The greatest electoral gift Clinton could have bestowed on Barak—probably over the dead body of U.S. intelligence—was a pardon for convicted Israeli spy Jonathan Pollard, who is a cause célèbre in Israel. Azulay and Quinn cleverly planted the seed in Clinton’s mind that if he couldn’t give the Israelis Pollard he should give them Marc Rich. On January 3, Quinn E-mailed Azulay, Fink, and Kathleen Behan, the other lawyer on the case, after yet another conversation with White House counsel Beth Nolan, who would remain skeptical about the Rich pardon to the end: “Lastly, I told her that, if they pardon JP, then pardoning MR is easy, but that, if they do not pardon JP, then they should pardon MR.” On January 4, Azulay sent the following message: “I am convinced that the President is aware releasing JP will be a big problem with the intelligence community and Mr. R can be included in this since less attention will be paid to him.… If he says no to JP, then this is another reason to say yes to Mr. R.”
On January 19, the Clinton White House was in chaos. Clinton, loath to leave, had not slept in days, and his primary concern was working out a deal with the independent counsel’s office to stave off an indictment over his perjured testimony in the Monica Lewinsky affair. Although Podesta and Nolan and Lindsey all later testified to Congress that they had opposed the Rich pardon, they certainly did not argue against it vigorously after the president received a final call from Barak, which Clinton belatedly spun as a deciding factor. Meanwhile, when the pardon attorney Roger Adams called the White House counsel’s office, who should answer the phone and begin discussing pardon issues but ex-staffer Cheryl Mills, who had been invited there by Lindsey and who also attended a final Oval Office meeting on the disposition of the Rich pardon.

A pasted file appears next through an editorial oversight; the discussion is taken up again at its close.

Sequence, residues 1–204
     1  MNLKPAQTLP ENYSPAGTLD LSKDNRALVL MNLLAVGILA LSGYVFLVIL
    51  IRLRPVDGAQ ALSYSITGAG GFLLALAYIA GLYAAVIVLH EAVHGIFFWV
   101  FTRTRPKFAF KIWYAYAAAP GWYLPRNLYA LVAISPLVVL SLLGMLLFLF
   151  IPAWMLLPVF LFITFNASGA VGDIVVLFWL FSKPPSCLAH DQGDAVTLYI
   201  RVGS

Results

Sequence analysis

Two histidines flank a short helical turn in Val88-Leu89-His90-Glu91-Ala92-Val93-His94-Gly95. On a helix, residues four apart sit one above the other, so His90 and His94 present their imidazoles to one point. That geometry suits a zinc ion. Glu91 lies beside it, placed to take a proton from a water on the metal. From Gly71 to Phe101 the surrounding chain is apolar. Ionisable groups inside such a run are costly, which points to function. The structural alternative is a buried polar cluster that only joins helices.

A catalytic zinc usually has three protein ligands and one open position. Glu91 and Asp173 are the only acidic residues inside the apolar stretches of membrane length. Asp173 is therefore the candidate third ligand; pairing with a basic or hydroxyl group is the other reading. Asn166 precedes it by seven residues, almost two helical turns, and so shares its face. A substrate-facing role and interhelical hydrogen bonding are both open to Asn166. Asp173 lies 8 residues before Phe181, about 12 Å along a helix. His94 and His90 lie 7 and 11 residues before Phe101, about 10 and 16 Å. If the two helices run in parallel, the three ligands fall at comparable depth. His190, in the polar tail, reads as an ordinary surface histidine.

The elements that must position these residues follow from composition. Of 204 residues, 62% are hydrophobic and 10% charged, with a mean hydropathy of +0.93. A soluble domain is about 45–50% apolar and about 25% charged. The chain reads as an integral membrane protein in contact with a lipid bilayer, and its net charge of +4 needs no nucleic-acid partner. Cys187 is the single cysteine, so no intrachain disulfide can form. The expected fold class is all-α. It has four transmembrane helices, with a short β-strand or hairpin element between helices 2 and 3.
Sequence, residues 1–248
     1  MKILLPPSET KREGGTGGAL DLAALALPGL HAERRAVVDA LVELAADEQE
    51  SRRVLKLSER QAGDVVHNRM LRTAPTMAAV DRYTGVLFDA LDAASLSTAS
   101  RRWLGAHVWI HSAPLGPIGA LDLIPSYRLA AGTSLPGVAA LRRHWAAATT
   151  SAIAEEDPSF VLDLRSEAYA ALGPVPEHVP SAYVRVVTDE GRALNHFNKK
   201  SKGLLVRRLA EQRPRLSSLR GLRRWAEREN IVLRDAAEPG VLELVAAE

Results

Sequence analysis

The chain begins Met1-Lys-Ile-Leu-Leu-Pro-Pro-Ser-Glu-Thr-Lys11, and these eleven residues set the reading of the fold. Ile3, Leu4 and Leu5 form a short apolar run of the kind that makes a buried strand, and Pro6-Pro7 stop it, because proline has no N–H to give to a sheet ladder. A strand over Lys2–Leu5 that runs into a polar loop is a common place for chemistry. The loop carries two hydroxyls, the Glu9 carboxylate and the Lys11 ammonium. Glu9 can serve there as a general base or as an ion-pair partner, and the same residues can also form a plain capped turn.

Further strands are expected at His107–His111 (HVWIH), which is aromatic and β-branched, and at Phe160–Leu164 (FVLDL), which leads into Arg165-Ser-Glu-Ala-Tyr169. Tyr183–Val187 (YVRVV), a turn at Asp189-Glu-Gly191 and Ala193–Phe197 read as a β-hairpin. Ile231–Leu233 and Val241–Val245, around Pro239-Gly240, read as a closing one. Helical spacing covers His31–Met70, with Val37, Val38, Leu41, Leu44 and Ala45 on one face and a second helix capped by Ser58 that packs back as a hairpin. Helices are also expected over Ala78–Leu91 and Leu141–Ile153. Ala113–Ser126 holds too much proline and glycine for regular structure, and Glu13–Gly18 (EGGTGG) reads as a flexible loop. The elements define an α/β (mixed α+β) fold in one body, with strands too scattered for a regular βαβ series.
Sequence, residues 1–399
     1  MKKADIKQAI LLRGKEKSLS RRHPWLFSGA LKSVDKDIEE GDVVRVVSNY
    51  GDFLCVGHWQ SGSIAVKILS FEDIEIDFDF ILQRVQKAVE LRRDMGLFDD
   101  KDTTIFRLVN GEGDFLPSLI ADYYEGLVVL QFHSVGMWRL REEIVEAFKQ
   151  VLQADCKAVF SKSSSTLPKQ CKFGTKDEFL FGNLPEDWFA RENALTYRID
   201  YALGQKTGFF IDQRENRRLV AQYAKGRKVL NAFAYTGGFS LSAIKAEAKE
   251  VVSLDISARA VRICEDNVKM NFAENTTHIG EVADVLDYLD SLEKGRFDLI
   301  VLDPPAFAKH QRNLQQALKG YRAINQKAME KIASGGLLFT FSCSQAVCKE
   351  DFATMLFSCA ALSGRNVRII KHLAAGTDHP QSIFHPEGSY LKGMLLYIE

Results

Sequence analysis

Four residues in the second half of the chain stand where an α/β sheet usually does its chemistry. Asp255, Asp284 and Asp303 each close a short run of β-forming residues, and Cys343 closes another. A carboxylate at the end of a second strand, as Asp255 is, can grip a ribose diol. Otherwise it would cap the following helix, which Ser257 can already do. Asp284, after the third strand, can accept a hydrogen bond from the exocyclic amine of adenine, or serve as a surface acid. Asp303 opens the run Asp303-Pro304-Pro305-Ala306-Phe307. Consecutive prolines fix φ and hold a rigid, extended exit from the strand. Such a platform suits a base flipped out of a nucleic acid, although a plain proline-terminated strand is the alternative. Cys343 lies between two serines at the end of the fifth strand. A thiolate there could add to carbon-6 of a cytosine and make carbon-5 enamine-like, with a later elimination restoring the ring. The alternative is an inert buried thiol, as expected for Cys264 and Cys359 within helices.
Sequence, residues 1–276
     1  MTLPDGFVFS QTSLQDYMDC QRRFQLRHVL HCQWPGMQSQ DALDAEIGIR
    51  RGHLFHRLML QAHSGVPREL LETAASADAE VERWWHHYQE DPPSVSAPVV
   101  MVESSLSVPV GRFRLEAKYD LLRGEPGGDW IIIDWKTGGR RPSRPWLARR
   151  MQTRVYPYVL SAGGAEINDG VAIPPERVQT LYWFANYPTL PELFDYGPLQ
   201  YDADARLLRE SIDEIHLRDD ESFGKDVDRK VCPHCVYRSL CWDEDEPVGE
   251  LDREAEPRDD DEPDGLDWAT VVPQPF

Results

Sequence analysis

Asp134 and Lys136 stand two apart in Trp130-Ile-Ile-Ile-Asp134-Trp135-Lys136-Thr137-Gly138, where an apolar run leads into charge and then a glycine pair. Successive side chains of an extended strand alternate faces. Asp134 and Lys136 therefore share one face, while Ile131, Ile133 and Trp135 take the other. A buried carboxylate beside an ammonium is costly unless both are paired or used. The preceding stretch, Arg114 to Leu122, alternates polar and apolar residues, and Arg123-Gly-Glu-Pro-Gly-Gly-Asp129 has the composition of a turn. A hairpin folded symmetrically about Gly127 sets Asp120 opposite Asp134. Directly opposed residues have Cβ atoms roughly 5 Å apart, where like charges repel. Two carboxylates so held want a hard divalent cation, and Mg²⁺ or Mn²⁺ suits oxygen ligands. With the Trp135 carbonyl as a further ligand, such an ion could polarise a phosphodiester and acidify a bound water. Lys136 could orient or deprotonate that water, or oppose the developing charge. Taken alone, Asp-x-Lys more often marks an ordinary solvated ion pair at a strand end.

Late that night the White House heard from Justice, following an F.B.I. criminal-record check, that there might be a problem for Rich with arms dealing. Once again the president turned to Quinn, who denied it. Clinton simply said, “Take Jack’s word.”
In congressional hearings, members queried Quinn about his representation of Rich to his old boss the president in a case which ultimately made the president look bad. Shouldn’t Quinn have been more loyal? And wasn’t Quinn stretching a “revolving-door” rule that he had helped write which barred former presidential-staff members from lobbying the White House for five years? Quinn, when pressed on this question, countered that he didn’t believe he was violating his own rule—there was an exception for “criminal proceedings.” Martin Auerbach, who prosecuted the Rich case in the U.S. Attorney’s Office, recognized the classic Marc Rich strategy: “An important piece of Rich’s success comes from information arbitrage—knowing something the guy across the table doesn’t know and getting the guy to betray his primary allegiance. In this case he gets Quinn to push the definition of lobbying, because it’s in Marc’s best interests instead of the president’s best interests, with a package giving only one side of the story. And he’s able to time it so precisely that it can’t be checked. What Marc Rich finally figured out is, if you attack the pardon process the same way you attack your business, you will achieve the same result.” Morris Weinberg adds, “It’s really why [Rich and Green] ran—because they thought money would always resolve everything. Now, 20 years later, it appears they’re right.”